Palestinian economist Omar Shaban
Gaza – Mohamed Habib
Palestinian economist Omar Shaban, president of Palestinian Think Tank for Strategic Studies in Gaza, stressed on the importance of the Hamas-Fatah reconciliation to reconstruct the Gaza
Strip and to provide an appropriate environment for investments there. Shaban pointed out in an exclusive interview with ‘Arabstoday’ that the reconciliation is a fundamental term for resolving the economic crises which Gaza Strip is going through, saying: “We cannot demand the world to support us while we are fragmented internally”.
Shaban indicated that there have been no improvements in Gaza’s commercial crossings after the release of Israeli soldier Gilad Shalit, explaining that the occupation stated more than once that there is no relation between the release of Shalit and the lifting of the siege off the Gaza Strip. He said the improvement that took place after the Freedom Flotilla massacre is not big or varied, where allowed commodities were very limited. He explained that the equation of "all is banned except for" is changed to "all is allowed except for", adding at the same time that there has been some slight improvement on the topic of supporting international projects and UNRWA schools.
Shaban said that lifting the Gaza siege must be included in a deal of a political context, whether through a government of independents which attains international acceptance, or to create conditions to open channels of communication between Israel and Hamas. He added: “If we take an example of both parties’ success in the prisoners exchange deal, we can finalise a deal to lift the siege of Gaza”. Shaban noted that he does not rule this out with Ismail Haniyeh’s statement concerning the possibility of the existence of other types of negotiations in a non-traditional form, especially after the Islamist rise in the surrounding region.
Shaban realised that it would be difficult for both parties to initiate negotiations without political context and without Hamas being in the political system, which Shaban considers possible in the upcoming days, on account of the international community’s desire to integrate political Islam.
"The economic state in Gaza is still catastrophic and still suffers severe problems in the West Bank and the Gaza Strip, for both regions depend on foreign aids, in addition to the economic equation in the West Bank being on the brink of collapse before the obstacles facing Ramallah’s government, which can no longer pay its employees regular salaries. Gaza’s government as well, in addition to the unemployment rate which is still incredibly high, the poverty which is deeply affecting the Palestinian society, and the social crisis which the Gaza Strip residents suffer which exceeds the tolerance of average human beings," he said.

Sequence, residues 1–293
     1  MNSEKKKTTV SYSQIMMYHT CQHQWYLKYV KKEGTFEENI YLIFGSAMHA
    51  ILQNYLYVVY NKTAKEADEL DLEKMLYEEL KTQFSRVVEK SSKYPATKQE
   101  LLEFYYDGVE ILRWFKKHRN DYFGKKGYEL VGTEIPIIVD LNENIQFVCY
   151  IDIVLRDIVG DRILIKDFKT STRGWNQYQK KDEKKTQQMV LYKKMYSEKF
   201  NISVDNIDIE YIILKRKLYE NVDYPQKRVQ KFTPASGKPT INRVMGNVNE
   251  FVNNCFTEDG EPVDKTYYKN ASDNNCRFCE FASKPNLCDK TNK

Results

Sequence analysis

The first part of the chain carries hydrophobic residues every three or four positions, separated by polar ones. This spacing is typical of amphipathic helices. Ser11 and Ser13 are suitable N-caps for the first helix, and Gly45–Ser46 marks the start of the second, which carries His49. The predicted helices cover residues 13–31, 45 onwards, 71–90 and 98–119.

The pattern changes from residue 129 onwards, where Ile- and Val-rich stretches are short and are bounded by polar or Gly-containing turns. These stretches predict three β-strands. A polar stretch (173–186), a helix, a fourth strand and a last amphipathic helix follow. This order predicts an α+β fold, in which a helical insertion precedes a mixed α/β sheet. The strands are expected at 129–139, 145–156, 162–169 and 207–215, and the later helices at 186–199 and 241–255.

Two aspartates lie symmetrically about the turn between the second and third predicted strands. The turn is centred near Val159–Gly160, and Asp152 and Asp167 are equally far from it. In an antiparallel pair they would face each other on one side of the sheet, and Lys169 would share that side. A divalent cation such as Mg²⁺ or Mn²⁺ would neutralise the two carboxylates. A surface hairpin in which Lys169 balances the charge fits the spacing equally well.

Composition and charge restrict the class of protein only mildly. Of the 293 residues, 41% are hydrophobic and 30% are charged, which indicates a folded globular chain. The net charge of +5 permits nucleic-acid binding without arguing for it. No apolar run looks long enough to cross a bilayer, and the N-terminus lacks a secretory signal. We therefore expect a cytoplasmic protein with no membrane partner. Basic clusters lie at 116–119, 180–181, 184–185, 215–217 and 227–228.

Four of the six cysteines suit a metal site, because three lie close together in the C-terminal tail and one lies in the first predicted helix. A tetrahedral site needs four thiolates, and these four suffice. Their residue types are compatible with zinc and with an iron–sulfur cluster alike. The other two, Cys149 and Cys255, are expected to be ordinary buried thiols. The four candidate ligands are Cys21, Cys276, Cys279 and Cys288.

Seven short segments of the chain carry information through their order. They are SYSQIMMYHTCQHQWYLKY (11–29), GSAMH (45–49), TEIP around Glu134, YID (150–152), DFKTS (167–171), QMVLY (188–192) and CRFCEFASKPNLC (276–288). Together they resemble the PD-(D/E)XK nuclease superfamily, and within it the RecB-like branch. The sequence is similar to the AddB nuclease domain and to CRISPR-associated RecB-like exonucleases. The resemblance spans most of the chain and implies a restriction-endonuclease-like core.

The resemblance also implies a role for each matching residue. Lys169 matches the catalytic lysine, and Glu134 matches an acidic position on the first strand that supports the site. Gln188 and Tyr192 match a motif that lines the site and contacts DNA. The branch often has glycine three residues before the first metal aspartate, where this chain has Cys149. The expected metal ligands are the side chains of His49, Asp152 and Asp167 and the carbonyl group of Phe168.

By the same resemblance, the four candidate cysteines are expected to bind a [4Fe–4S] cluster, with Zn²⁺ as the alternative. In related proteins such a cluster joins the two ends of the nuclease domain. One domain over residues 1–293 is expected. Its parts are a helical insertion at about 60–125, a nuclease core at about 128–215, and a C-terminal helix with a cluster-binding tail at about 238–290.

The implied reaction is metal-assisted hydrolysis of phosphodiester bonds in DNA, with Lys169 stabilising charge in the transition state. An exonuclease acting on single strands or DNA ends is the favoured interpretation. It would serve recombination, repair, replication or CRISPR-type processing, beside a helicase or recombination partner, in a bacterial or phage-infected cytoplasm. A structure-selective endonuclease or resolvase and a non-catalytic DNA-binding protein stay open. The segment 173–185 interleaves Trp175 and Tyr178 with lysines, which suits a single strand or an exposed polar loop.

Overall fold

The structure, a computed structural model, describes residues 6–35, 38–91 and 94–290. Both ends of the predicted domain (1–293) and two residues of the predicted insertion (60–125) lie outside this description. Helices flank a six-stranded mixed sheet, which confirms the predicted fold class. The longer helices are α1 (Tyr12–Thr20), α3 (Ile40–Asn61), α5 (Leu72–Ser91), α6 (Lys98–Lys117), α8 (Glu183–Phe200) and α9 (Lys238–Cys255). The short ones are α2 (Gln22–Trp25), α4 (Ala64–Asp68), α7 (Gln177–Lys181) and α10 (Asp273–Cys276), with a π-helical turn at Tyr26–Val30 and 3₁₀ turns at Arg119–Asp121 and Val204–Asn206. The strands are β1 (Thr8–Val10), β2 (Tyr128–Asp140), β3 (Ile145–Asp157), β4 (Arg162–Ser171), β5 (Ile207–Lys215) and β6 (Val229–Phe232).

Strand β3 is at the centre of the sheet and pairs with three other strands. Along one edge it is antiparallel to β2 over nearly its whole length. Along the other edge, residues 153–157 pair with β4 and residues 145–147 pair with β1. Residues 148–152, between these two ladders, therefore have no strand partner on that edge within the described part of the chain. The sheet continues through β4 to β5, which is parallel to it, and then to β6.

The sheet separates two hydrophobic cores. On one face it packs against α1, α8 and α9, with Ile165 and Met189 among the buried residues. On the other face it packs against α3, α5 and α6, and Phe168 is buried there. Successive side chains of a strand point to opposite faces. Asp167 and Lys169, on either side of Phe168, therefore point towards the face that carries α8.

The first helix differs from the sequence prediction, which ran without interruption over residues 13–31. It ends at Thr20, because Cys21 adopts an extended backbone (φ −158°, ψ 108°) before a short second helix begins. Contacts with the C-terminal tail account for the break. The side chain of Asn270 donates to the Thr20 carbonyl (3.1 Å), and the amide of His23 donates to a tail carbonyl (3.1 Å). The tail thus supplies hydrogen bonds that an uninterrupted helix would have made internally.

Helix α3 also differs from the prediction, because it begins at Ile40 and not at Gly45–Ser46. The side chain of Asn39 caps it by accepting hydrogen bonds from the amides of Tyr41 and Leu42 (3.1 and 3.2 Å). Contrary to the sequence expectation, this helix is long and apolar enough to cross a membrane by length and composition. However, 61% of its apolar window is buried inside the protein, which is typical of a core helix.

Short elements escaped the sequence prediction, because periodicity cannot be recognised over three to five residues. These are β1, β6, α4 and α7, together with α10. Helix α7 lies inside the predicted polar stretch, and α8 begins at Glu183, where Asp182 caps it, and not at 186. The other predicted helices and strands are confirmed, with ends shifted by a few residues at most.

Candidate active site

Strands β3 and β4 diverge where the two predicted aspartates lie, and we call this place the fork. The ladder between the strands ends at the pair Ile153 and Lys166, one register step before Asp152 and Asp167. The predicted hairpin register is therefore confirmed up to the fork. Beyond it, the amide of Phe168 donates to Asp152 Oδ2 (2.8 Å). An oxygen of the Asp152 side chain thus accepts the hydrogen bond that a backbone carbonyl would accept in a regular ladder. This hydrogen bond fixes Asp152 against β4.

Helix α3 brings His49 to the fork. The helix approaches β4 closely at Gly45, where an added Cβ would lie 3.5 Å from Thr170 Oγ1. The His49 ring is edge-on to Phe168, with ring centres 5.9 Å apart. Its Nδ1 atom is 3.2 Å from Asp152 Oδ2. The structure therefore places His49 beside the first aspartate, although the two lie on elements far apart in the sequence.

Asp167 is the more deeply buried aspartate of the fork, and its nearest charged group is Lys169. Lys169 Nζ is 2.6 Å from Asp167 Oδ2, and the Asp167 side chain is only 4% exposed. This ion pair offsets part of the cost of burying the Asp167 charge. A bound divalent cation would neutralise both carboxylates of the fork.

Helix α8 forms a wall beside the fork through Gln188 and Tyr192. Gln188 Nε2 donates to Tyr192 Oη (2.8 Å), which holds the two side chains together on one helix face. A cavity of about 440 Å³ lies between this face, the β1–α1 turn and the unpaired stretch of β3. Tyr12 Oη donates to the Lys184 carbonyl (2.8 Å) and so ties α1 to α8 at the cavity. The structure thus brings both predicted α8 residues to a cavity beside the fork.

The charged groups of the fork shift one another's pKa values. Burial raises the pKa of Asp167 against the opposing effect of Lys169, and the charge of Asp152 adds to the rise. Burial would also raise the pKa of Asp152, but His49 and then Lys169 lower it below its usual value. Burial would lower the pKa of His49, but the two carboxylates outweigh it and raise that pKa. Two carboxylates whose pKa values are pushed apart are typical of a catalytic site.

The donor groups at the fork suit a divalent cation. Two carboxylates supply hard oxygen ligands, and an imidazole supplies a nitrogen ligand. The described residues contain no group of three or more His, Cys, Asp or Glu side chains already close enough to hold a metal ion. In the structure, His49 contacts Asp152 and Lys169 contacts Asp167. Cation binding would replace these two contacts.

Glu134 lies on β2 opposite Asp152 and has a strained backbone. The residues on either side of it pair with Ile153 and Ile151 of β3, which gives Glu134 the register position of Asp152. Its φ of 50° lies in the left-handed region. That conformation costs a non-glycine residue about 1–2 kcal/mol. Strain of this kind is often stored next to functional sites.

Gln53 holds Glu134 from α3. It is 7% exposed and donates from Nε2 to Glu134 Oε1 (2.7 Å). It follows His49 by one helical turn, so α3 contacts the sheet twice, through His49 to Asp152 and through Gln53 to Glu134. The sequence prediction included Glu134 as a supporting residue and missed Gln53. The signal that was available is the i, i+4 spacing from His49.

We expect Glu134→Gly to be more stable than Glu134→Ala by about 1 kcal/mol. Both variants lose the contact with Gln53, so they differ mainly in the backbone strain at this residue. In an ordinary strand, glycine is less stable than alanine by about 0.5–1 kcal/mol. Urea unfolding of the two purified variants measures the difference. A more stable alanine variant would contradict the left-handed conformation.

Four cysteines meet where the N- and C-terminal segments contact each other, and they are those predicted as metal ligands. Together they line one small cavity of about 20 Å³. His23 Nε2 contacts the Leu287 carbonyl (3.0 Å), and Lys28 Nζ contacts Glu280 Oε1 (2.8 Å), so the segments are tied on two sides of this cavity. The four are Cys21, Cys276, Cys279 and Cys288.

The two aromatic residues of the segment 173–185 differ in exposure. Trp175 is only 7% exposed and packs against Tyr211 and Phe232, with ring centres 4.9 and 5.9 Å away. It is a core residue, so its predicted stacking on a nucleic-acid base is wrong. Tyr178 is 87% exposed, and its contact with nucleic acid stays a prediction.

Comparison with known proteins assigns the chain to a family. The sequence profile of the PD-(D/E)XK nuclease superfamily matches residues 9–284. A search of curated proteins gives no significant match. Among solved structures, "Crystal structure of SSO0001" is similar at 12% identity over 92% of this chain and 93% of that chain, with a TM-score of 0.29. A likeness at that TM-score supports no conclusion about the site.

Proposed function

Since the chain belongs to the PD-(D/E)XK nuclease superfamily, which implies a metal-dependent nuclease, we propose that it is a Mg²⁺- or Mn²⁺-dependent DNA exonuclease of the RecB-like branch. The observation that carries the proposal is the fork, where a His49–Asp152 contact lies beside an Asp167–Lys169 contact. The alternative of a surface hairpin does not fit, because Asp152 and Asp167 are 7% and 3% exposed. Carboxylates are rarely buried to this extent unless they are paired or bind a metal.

As for the influence of the division on the economic condition, Shaban said: “The occupation is the basic factor behind the underdevelopment in Palestine, for development and occupation do not overlap. Yet the state of political division in Palestine had grim consequences, and it allowed the occupation to carry out its plots against Palestinians, where Israel could not carry out some of its plans in the past and waited for the right time.”
He added: “When we are united, we will be able to employ our resources, plan ahead, and have a vision to build. However, under the division, we are distracted by it and by handling the consequences of the other side’s politics at the expense of the central issues.”
Shaban said of the impact of the migration of capital from the Strip to abroad on the economic state: “The migration of capital from the Gaza Strip started with the spread of lawlessness and lack of security in 2004-2005, which was a scary and dangerous phenomenon along with the phenomenon of kidnapping foreigners. I believe the West Bank suffered greatly from this issue as capital in the West is greater than in Gaza in terms of size and quality, whereas Nablus suffered lawlessness and instability of militias as everyone knows. In one of the statistics, there were about 400 businessmen from Gaza and the West Bank who immigrated to far out places like Kenya and South America and China, which is crazy… how are we supposed to bring those back after establishing stability and calm?
"There are many stable countries which invest money to bring investments and are still unable to, so what do you make of an unstable country?! Investment needs political and legal stability, a transparent financial system, and adequate legal factors,” he said.
As for the quality of commodities which are smuggled to the Strip through tunnels, Shaban said: “The quality of medicines smuggled through tunnels for example cannot be guaranteed; neither can the foods coming through tunnels be guaranteed to be good. It is true that no death cases were recorded so far as a result of consuming such commodities, but they could contain substances that cause death after long periods of time, and this is where the government in Gaza should work as an organised protective system for the people.”